A 52-year-old man presented with a 2-month history of progressive unsteadiness in erect posture and walking. He had experienced a right facial paralysis resolved with high-dose steroids 4 months earlier. A neurological examination revealed left seventh nerve paresis, right-sided dysmetria, right deviation of the oral rhyme, and gait ataxia. The patient’s medical history included right nephrectomy for renal clear cell carcinoma and a surgically treated congenital arteriovenous malformation of the right hand. No significant family history was present. Magnetic resonance imaging results revealed an intraaxial mass with poorly defined margins and occasional calcifications, 7 cm in diameter, in the right cerebellar hemisphere involving the vermis eliciting a mass effect on the intravenous ventricle. Magnetic resonance imaging depicted enlarged cerebellar folia with alternating T1-hypointense and T2-hyperintense tiger-striped striations (Figure 1), which were highly suggestive of cerebellar dysplastic gangliocytoma/Lhermitte-Duclos disease (LDD). A coexistent cervical syringomyelia was also identified. The mass was partially removed and numerous fragments of cerebellar cortex were examined. A pathologic evaluation confirmed the diagnosis, showing the molecular and internal granular layers enlarged and replaced by large, dysplastic ganglion cells with abundant, eosinophilic cytoplasm, round and vesicular nucleus, and occasionally evident nucleolus (Figure 2). Immunohistochemical positivity for synaptophysin confirmed the neuronal differentiation of the abnormal cells. Following surgery, the patient showed a partial resolution of his neurological symptoms.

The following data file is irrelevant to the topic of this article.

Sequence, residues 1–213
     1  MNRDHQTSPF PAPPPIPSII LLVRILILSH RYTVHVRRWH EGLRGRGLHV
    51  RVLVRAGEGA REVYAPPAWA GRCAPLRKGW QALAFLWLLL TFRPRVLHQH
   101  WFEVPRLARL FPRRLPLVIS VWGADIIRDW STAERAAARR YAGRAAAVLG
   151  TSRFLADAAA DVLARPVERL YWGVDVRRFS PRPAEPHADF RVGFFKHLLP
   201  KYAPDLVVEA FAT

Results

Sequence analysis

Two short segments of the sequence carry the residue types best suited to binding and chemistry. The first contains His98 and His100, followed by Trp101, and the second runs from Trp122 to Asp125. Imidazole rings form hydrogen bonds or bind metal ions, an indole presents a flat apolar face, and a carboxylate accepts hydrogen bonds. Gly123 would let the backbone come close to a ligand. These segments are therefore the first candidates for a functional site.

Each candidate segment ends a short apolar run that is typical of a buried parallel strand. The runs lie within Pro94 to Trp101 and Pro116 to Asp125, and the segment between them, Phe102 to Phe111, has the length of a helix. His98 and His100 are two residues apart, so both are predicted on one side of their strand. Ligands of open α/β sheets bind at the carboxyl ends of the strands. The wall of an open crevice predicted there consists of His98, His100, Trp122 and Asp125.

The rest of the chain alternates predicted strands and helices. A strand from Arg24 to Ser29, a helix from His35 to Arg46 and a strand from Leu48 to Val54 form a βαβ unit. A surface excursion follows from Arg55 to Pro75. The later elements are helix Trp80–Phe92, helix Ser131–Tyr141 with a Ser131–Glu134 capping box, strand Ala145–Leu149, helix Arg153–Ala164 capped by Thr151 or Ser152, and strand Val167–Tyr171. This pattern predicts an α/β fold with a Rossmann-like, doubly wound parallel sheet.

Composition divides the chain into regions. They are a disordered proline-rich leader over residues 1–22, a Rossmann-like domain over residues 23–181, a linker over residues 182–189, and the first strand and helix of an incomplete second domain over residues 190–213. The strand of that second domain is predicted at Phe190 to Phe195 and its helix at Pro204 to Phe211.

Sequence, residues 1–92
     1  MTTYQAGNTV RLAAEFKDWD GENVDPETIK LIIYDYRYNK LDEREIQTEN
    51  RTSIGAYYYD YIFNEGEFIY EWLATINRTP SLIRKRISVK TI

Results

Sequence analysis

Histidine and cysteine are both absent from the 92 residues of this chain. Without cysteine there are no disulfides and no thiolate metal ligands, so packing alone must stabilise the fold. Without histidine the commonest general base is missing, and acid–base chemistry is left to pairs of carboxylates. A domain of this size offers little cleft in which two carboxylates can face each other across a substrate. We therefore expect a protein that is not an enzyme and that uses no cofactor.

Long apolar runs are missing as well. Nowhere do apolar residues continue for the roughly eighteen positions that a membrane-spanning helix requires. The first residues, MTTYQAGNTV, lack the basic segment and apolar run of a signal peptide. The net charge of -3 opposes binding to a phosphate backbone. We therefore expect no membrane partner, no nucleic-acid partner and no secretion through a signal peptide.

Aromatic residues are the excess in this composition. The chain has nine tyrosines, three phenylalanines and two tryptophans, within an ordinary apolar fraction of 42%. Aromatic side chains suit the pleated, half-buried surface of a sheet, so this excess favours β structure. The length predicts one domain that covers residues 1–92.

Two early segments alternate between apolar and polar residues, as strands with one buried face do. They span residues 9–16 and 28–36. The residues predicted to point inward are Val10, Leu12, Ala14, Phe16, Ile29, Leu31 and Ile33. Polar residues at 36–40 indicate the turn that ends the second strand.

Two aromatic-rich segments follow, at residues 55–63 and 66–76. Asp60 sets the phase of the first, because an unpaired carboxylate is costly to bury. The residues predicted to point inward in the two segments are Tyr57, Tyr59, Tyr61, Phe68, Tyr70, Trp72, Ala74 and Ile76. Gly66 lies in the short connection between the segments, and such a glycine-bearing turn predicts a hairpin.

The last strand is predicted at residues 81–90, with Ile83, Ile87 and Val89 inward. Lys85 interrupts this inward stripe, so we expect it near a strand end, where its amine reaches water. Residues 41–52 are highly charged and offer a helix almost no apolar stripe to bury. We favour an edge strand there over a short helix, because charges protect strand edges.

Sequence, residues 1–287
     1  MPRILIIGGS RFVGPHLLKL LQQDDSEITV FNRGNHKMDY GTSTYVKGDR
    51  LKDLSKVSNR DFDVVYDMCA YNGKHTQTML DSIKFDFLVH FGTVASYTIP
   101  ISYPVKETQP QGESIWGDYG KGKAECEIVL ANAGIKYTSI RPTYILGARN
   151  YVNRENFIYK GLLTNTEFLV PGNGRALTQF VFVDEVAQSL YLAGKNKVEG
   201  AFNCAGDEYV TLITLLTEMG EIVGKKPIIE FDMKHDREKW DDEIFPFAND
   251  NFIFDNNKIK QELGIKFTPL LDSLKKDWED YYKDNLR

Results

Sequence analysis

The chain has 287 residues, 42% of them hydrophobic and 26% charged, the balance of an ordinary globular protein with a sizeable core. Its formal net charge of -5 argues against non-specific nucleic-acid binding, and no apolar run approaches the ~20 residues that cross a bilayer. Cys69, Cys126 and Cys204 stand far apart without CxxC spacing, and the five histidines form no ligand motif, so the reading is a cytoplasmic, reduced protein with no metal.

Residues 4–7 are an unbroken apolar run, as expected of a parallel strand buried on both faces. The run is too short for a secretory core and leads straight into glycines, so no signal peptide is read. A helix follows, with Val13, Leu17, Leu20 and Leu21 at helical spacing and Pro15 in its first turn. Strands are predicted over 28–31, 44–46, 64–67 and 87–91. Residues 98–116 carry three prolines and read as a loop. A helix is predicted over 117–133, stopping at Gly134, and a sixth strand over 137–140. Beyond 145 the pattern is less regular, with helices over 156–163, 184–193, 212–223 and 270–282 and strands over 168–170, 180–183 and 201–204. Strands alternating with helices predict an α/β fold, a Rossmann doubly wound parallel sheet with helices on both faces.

Zanelli M, Mengoli MC, Froio E. Appearance of an Unusual Cerebellar Lesion. JAMA Neurol. 2018;75(4):510–511. doi:10.1001/jamaneurol.2017.4726
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